February 14th, 2003, 01:50 PM
I am not a graphics person, but, I thought this would be a simple thing to do. I want to draw an oval around an area on a screen shot for some documentation I am working on. When I draw the oval I it fills with a color. Is there a way to turn this off?
Thanks in advance.
February 16th, 2003, 04:31 AM
In Photoshop? Which function are you using to create the oval?
I do it like this:
- make an elliptic selection
- Edit / Fill Border (not sure about "Border" as i am using the german version)
March 2nd, 2003, 03:05 AM
how about you open up good ol Microsoft Paint, and just do an easy oval there,
no need to get out the chainsaw to cut that twig
March 11th, 2003, 02:26 PM
Are you editing the screen shot in photoshop? If so then you shouldn’t have any trouble. Otherwise you may run into difficulty as the PS image will export with a solid background unless you export it as a GIF and then I’m not sure if the transparent background will work outside of a web page.
In any event the oval is easy. As mentioned before you can use the ellipse marquee and make an ellipse and fill it and then make another ellipse placed inside of the first ellipse and delete it. Or another way that works good for keeping everything concentric is to make an oval brush and set the size to what you would like, with the pencil selected click once on the stage then go back to the brushes pallet and change the brush size to something smaller (consider resolution and pixel size here), with pencil still selected but using a different color (anti-aliaseing turned off) place you brush inside the first oval you created and click once. Now hit the “W” key (magic wand tool) click the inner color and hit delete. Note: make sure the “tolerance” setting for the magic wand is set very low like “1”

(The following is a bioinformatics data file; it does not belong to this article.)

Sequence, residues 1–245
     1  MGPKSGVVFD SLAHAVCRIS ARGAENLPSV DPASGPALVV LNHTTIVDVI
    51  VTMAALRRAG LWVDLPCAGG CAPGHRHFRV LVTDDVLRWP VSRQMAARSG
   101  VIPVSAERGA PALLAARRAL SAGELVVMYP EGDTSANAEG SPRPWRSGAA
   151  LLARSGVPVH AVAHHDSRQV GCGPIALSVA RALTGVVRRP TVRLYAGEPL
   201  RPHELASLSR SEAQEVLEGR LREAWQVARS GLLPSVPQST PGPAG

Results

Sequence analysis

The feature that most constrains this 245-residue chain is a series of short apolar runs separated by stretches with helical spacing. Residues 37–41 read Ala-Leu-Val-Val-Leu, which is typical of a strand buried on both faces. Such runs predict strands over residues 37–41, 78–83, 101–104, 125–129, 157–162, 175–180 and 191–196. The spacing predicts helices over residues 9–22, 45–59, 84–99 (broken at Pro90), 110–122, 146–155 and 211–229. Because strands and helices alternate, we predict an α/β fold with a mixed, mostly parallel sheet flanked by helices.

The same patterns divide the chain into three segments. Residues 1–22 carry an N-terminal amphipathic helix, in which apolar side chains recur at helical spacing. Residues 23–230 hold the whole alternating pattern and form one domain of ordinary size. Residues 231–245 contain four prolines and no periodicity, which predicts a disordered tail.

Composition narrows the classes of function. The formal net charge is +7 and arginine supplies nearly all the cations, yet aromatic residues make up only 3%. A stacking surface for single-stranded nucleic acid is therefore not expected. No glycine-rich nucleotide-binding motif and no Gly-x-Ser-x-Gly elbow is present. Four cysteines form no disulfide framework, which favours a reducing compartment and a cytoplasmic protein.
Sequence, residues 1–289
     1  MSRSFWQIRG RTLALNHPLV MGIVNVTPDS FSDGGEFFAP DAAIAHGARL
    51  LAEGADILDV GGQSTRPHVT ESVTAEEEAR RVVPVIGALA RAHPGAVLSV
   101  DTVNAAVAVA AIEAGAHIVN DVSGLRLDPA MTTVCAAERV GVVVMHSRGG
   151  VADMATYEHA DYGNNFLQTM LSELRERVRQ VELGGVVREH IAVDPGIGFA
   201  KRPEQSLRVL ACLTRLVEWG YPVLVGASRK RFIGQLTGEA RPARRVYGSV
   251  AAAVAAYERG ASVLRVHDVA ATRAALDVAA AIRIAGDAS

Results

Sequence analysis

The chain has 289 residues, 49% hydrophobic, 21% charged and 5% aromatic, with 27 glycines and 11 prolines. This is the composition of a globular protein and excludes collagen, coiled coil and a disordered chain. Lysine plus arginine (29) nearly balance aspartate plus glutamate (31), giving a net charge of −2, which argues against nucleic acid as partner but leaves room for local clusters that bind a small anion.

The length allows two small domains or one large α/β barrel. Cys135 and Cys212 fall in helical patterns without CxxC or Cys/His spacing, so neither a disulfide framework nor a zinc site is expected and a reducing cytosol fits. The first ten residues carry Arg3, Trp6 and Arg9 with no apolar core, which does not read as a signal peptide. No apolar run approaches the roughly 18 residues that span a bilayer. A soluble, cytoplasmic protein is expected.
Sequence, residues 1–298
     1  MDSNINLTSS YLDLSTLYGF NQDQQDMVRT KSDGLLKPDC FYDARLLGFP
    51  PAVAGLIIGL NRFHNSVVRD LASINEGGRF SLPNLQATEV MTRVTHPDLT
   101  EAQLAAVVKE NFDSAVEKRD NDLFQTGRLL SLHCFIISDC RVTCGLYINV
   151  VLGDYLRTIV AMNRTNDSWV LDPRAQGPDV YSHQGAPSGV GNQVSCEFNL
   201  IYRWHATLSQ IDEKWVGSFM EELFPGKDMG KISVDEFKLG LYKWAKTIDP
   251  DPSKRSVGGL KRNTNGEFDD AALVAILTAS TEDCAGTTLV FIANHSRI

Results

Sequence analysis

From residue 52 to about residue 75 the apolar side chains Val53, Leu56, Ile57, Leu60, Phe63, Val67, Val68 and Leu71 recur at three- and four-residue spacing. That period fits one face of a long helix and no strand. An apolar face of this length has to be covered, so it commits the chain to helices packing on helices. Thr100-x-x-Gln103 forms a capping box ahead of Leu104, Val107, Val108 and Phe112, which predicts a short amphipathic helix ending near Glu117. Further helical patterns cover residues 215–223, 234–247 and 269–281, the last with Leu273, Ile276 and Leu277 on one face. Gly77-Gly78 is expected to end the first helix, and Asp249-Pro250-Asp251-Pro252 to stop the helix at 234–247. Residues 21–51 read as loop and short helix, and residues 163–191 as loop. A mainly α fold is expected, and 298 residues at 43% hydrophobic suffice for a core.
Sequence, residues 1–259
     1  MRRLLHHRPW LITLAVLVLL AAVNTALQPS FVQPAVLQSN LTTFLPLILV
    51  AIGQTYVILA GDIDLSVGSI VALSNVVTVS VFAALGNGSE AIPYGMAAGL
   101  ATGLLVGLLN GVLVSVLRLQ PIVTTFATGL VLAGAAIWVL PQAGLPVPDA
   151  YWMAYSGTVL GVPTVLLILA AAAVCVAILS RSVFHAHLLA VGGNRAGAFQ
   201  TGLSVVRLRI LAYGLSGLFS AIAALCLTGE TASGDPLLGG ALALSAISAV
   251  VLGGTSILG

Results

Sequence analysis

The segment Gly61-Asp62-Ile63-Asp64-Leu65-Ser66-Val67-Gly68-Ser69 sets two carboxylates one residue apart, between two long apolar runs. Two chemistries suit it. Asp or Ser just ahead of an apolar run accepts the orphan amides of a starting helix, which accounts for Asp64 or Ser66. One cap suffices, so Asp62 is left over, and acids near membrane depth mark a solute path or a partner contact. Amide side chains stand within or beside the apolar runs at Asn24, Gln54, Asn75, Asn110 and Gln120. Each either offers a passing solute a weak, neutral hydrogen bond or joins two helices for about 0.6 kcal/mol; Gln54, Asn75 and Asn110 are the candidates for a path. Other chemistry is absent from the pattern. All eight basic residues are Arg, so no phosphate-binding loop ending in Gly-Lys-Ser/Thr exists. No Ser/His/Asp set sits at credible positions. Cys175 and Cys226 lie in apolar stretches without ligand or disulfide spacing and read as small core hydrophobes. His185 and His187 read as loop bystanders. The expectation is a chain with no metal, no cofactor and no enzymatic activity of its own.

If you do these on separate layers you can fine-tune placement of the ovals with the arrow keys. Remember the layer that is highlighted is the layer you are effecting.
March 11th, 2003, 02:43 PM
Funny that such a simple problem gets so many replies...
The background will stay transparent in any format that supports transparency or alpha channels. GIF, PNG, TIFF, TGA and some more. It does not depend on web pages. Some programs don´t support transparency, but this is broken programs. 100% not your fault .
Best way, imho "most professional" and also re-editable is using a path. there is a "elliptic path" tool. you can resize paths losslessly and they are kept if you save as PSD. They are also more than pixel-accurate (a path can be placed on quarters of a pixel eg.) and you can make a selection ("marquee"?) from a path, use anti-aliasing or not, and fill this selection then.
set it to "0" for the lowest value possible if you are not using anti-aliasing.
Last edited by M.Hirsch; March 11th, 2003 at 02:45 PM.
March 11th, 2003, 03:34 PM
Yeah that’s true about the path business I’ve just never like PS’s pen tool. But that’s a personal thing having to do with learning on other programs i.e. CorelDraw where I have more control over the node editing features.
March 11th, 2003, 11:59 PM
Personally, I dislike ALL pen tools...